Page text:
“I’m very sorry for the things that took place recently, especially in Cologne,” says Roya, who is the last person who needs to apologise. “Not all of us are like this. It happened like it was planned – as if the plan was to show that foreigners are bad, refugees are bad people.”

It is shocking how few Europeans have grasped that the men who rape and abuse women, who commit acts of terrorism in the name of a vengeful God, are the same men most refugees are running away from. In Germany, I find myself being asked repeatedly how European feminists should respond to sexism among (predominantly Muslim) migrants, particularly the mass sexual assaults that occurred in Cologne at New Year. And I have my opinions. I am angry that women are still held responsible for sexual violence done to them, angry that the issue is being exploited by cultural conservatives and outright fascists who care about violence against women only when it can be used to attack Muslims. But I can afford to be angry – I am someone with a platform and, more importantly, a passport. Roya, Fatima and their friends can’t afford to be angry, at least not in public.

“We refugees have to be careful what we’re doing,” says Roya. “Everything we’re doing is somehow representative. If a refugee crosses the street and [the light is] red, it’s not as if a German does it. We have to be a good example, because people are looking at us in a different way.”

For these women, trying to eke out a life in the no-man’s-land between Islamist extremism and European neo-fascism, solidarity is non-negotiable. The women of this group, migrant and non-migrant, are a vital source of support for one another. What I am supposed to say here is that in this space, every difference of language, background, age, race, religion and culture melts away and we are all just women together, sharing coffee and talking about our feelings. But that’s not true. What connects us is not that we are women but that we are trying.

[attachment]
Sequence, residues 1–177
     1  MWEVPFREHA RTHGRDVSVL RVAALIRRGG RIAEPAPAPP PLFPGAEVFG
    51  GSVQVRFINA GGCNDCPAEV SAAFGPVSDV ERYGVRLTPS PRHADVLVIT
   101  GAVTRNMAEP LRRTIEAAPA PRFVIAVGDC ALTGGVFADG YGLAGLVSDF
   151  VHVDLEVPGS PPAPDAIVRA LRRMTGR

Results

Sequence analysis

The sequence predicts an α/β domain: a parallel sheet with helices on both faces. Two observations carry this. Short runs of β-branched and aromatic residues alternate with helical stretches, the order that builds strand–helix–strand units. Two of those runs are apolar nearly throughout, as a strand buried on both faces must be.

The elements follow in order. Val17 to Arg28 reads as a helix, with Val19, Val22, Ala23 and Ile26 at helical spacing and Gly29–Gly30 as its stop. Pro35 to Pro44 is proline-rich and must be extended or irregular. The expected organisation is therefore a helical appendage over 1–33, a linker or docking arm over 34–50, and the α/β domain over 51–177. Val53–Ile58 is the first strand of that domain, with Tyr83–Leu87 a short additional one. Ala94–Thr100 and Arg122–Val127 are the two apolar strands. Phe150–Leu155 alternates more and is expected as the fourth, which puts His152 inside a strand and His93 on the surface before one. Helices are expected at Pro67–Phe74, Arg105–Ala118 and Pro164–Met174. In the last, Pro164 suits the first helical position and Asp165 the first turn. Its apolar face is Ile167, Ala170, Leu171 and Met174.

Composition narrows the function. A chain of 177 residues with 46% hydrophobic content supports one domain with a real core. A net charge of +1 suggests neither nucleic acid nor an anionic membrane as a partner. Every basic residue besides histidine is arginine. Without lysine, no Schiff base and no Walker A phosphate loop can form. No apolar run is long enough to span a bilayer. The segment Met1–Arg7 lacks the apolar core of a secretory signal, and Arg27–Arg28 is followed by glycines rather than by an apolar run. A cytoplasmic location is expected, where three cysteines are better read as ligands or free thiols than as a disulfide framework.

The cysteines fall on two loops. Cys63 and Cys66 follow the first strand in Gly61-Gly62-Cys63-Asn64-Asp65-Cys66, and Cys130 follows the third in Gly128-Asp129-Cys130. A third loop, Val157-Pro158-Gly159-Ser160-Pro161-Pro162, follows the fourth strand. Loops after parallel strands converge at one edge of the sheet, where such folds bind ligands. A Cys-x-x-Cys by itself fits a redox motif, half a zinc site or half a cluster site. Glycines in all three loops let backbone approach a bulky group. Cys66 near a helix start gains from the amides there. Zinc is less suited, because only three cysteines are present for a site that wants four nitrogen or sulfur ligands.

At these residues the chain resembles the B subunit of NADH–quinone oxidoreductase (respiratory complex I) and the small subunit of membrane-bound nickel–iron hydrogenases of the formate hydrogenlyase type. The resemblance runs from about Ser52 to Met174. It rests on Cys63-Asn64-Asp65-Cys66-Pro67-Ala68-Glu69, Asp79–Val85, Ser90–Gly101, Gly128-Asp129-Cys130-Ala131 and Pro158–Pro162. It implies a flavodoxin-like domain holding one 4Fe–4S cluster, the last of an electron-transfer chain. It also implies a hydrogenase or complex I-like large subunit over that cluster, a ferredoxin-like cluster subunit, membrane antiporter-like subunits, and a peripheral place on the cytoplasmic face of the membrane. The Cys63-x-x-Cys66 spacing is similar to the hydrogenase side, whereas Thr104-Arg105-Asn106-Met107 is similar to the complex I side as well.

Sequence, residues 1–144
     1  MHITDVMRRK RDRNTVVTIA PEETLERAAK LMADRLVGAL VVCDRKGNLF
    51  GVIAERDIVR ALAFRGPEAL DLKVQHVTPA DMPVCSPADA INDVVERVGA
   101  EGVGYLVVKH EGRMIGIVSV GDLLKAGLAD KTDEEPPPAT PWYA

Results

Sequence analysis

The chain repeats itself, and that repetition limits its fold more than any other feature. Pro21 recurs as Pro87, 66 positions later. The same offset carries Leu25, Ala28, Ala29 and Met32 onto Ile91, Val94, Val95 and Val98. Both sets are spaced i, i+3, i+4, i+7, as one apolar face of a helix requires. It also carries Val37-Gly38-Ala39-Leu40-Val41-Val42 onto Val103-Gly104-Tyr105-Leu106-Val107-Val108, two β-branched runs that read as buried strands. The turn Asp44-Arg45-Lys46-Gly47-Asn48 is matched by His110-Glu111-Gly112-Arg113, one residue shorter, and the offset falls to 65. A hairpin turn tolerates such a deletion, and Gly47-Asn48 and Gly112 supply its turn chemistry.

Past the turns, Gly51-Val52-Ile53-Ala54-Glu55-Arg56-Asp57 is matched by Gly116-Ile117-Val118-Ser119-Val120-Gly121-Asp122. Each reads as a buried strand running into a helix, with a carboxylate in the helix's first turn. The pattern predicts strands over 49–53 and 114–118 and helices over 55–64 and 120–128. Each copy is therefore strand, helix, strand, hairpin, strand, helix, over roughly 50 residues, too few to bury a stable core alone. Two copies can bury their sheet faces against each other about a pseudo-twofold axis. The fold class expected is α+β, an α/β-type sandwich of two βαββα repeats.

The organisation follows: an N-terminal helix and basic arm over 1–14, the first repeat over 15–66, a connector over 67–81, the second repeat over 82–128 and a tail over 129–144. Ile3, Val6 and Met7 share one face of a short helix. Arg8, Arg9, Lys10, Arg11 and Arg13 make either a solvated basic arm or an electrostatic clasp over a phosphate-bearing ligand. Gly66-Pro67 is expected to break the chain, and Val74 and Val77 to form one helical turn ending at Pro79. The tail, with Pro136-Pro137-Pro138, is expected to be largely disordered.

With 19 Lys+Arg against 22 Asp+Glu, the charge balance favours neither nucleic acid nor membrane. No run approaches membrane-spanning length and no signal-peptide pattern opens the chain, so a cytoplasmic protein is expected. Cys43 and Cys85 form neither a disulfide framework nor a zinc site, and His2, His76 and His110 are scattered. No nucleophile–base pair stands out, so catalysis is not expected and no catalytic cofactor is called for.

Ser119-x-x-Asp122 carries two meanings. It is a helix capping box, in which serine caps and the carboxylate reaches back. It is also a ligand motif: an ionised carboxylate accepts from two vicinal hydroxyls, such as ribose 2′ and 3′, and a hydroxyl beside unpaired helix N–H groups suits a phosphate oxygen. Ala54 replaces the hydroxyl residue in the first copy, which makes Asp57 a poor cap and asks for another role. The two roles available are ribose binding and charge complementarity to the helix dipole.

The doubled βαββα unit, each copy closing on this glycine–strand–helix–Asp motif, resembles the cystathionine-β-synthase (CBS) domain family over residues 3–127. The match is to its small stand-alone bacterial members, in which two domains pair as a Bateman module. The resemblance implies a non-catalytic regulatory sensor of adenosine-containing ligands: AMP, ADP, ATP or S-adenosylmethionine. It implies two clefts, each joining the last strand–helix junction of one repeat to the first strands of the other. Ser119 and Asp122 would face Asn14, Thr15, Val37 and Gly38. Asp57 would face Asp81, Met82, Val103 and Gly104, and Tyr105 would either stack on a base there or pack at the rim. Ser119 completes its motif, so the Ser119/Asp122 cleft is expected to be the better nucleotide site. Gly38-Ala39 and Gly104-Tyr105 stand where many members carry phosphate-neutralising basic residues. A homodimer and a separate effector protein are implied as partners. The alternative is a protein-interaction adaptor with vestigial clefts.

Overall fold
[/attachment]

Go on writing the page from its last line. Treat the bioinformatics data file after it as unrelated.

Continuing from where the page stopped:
The person working the hardest in this conversation is the 25-year-old Heike, a German citizen who organised the meeting at short notice, found a place for us to convene and is now tirelessly translating from Portuguese to German to English and back again, so that Fatima and I can communicate. Heike is not her real name. She does not want me to use her real name. Most of the women who do this sort of work aren’t in it for the glory.

Much of the invisible work that goes into managing a crisis on this scale is the work of translation, in every sense of the word. Europe is a continent where communication of all kinds is breaking down. Ordinary people are falling through the gaps in understanding as public opinion becomes more polarised and violent extremists dominate the news. What everyone in Europe needs – Muslims and Christians, refugees and citizens, men and women – are not just acts of compassion but acts of translation.

Laurie Penny is a contributing editor to the New Statesman. She is the author of five books, most recently Unspeakable Things.

This article appears in the 31 March 2016 issue of the New Statesman, The terror trail